Advantages and Disadvantages of Waterfall and Agile Methodologies

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In the world of software development, two methodologies reign supreme…Waterfall and Agile. While these methodologies both aim to streamline project development, they take different approaches in doing so and typically have cult followings of Project Managers who prefer one over the other.

But what makes these methodologies so different? What are the benefits and limitations of each? In this article, we will explore the advantages and disadvantages of each process in such a way that you can decide which methodology you prefer or best suits your project.

Waterfall methodology is a sequential, linear approach to development from initiation to deployment. Because Waterfall processes are unidirectional, phases must be reviewed and signed off on at completion. This makes project development well-defined and easy to explain to stakeholders and developers.

Agile methodology is best described as a flexible, iterative approach to development. Agile projects most often use Scrums to break down the project into small chunks of time called Sprints. Agile processes focus on team involvement throughout the sprint and allow for changes to requirements at any point.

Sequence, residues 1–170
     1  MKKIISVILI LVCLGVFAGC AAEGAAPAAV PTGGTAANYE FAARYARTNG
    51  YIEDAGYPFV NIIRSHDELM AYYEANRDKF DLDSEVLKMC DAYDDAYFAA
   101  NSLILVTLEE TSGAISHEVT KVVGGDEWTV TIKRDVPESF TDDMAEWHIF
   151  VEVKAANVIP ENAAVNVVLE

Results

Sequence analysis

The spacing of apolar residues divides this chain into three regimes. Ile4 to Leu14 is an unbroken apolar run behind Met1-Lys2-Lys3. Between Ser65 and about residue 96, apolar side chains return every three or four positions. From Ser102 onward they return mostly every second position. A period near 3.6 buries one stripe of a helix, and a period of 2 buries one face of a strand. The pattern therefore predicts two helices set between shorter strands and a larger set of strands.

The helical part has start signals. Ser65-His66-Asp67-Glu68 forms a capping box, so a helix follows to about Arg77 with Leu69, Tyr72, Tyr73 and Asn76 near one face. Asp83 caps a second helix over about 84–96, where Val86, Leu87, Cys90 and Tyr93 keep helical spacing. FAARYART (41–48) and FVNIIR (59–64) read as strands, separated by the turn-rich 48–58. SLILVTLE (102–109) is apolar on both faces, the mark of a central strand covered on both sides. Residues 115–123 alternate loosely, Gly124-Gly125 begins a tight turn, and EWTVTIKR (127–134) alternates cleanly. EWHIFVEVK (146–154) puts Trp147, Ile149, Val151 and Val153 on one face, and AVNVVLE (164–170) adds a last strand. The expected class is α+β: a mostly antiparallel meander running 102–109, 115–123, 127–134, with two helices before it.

What is Waterfall?

The Waterfall method has long been the traditional approach to software development. This method breaks a project down into different phases that are completed sequentially with requirements review at the end of each phase. The different phases of a Waterfall cycle may vary with different organizations, but a typical cycle could look like this:

  1. Requirements gathering and documentation
  2. Design
  3. Development
  4. System testing
  5. User Acceptance Testing (UAT)
  6. Deployment

As the name implies, with pure Waterfall implementations, you cannot swim upstream to a previous phase. You must complete the full development lifecycle before returning to the top.

Let’s look at the advantages and disadvantages of the Waterfall method.

Waterfall Advantages:

  • Due to meticulous planning and requirements gathering upfront, the customer knows what to expect. They have an idea of the size, cost, and timeline for the project with a clearly defined idea of what the fully implemented system should do.
  • On projects where the customer is hands off, Waterfall is a great solution. Other than reviews, approvals, and status updates, customer involvement is not necessary once the requirement phase has been completed.
  • Progress can be easily measured because the full scope of the project has been defined in advance.

Waterfall Disadvantages:

  • The Waterfall method is only successful if each phase is fully completed before moving on to the next phase. Requirements gathering is the first and most crucial phase for any project. However, I have found this the most challenging aspect because customers can miss details, and details are critical with this approach. It can also be difficult for a customer to fully visualize the end result strictly from a requirements document. Prototypes and wireframes can help remedy this limitation but there can still be a disconnect between visuals and the written requirements.
  • Changes in the business needs or project requirements are not easily adapted due to this finite approach. Changes can be made, but not without significant adjustments in timeline and overall cost.